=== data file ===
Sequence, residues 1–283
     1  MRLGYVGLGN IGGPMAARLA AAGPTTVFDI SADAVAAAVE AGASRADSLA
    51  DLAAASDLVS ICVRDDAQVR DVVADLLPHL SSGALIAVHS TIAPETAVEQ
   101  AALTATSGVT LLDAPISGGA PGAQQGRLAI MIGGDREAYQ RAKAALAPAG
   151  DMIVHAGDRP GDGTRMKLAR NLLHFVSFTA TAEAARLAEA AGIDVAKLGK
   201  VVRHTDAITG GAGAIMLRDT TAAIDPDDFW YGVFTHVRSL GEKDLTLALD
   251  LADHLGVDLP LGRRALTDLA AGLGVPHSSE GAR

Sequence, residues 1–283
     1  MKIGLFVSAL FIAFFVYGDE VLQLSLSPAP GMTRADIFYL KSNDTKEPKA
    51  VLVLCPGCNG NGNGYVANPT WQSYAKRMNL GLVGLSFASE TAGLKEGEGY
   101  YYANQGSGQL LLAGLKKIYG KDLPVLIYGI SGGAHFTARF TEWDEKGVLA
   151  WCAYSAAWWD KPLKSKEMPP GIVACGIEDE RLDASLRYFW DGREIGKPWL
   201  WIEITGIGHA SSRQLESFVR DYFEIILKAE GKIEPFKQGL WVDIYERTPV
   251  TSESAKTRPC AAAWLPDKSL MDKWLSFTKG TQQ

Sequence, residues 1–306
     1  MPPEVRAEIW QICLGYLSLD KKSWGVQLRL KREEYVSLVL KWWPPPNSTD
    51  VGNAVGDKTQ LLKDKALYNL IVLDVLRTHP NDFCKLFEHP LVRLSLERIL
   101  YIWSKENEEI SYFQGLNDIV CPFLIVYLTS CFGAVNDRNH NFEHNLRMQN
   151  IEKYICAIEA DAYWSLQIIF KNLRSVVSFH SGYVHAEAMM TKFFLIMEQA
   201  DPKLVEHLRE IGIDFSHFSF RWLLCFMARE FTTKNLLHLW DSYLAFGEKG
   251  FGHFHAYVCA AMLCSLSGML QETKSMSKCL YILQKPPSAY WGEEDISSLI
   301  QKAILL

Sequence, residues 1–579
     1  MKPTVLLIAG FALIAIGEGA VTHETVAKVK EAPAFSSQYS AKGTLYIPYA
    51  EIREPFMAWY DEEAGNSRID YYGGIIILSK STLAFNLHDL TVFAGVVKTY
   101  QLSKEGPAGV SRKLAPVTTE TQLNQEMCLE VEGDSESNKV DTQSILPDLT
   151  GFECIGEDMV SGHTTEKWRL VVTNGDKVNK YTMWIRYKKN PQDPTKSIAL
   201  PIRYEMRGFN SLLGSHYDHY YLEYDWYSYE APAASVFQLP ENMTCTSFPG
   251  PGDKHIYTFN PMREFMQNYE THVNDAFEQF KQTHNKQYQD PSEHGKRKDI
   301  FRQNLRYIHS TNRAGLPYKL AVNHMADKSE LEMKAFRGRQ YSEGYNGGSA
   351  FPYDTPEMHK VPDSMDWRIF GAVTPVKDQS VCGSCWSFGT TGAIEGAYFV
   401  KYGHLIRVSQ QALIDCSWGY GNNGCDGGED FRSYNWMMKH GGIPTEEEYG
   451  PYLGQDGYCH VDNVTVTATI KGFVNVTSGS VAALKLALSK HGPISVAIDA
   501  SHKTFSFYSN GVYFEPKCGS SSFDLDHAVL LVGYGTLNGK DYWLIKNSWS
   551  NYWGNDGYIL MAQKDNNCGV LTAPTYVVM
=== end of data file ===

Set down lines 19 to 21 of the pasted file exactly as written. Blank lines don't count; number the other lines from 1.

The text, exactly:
   151  IEKYICAIEA DAYWSLQIIF KNLRSVVSFH SGYVHAEAMM TKFFLIMEQA
   201  DPKLVEHLRE IGIDFSHFSF RWLLCFMARE FTTKNLLHLW DSYLAFGEKG
   251  FGHFHAYVCA AMLCSLSGML QETKSMSKCL YILQKPPSAY WGEEDISSLI